Date: Tue, 31 May 1994 04:06:41 -0400
From: Clayton Gillespie CLAYKE[AT SYMBOL GOES HERE]DELPHI.COM
I need help with the origin of an obscure usage in Cajun
French. It seems that some years ago the English loan (or switch)
"say-so" had currency in Cajun French. In _Louisiana-French_ (1931), Wm
Reed says: Used in various ways, "un say-so de creme," for example,
is the equivalent of `a cone of ice cream'. Daigle's _Dictionary of
the Cajun Language_ (1984, not reliable but is one of the very few tools
that exist to work with) has: say-so (Engl.), n.m., Ice cream (in cone).
Smith & Phillips (1939, Am. Speech, 14:200) has: SAY SO |seso| An ice-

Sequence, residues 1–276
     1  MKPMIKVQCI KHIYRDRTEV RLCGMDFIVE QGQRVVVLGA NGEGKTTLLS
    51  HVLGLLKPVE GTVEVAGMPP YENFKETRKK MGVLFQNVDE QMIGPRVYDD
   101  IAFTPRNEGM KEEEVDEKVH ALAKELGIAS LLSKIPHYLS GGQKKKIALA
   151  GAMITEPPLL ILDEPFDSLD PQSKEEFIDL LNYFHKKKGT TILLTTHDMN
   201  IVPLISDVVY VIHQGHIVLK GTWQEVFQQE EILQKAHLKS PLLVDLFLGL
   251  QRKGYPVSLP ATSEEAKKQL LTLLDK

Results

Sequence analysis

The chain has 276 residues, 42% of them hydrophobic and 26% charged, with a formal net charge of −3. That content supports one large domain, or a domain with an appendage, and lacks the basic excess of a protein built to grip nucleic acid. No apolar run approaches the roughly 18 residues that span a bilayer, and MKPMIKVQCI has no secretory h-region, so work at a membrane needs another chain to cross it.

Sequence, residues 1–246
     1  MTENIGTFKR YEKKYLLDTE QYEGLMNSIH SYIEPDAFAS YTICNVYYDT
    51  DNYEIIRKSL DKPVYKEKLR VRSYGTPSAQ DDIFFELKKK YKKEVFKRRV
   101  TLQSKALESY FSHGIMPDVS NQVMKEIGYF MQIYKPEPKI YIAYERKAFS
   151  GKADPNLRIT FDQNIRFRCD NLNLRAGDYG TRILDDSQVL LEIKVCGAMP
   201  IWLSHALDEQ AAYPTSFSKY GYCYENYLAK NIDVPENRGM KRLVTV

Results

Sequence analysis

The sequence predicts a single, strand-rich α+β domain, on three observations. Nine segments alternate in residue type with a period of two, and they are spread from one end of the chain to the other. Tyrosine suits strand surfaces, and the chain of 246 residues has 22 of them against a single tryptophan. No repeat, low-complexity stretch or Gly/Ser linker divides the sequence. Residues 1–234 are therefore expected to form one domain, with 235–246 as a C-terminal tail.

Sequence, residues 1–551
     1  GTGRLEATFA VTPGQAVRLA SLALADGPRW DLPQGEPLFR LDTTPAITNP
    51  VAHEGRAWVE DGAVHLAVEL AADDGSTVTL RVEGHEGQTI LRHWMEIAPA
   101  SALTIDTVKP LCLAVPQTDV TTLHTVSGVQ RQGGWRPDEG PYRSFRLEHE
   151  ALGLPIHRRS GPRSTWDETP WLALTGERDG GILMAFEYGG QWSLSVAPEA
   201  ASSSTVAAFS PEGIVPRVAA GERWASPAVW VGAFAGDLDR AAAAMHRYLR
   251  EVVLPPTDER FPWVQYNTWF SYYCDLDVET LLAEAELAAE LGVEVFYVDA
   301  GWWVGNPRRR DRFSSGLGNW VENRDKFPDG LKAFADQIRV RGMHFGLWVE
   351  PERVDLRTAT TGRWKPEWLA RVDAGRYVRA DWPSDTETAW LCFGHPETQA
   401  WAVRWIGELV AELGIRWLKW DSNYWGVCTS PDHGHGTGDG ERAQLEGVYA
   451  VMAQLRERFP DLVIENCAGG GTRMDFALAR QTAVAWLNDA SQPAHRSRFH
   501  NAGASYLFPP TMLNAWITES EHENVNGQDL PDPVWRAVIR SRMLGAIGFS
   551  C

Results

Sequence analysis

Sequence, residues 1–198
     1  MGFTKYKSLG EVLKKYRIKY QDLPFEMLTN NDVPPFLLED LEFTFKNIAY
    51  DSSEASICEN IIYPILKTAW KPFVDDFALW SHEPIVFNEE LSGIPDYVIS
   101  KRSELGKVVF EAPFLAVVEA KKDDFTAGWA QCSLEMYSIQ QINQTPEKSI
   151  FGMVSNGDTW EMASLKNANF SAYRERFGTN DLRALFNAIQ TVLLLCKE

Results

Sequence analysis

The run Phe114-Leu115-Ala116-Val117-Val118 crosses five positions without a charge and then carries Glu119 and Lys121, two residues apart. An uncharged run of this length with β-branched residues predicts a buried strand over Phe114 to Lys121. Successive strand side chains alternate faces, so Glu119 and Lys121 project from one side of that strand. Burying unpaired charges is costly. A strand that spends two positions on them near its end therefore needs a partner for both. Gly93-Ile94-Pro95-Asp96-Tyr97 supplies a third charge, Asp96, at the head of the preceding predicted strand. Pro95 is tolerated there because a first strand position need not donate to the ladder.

Does anybody have any idea of what English usage could have given rise
to this? To begin with, maybe somebody has a DARE at hand...
My grandparents are Tippidot Cajun, and so I have had the opportunity
to misapprehend the patois on many occasions. For example, to me,
"Mon cher" sounds like "Moe shah" when spoken in the patois. Perhaps
the above usage is a bad transcription of "soupc,on"?
This is an ignorant speculation, of course.
- Clayton Gillespie
Electra Software & Consulting
clayke[AT SYMBOL GOES HERE]delphi.com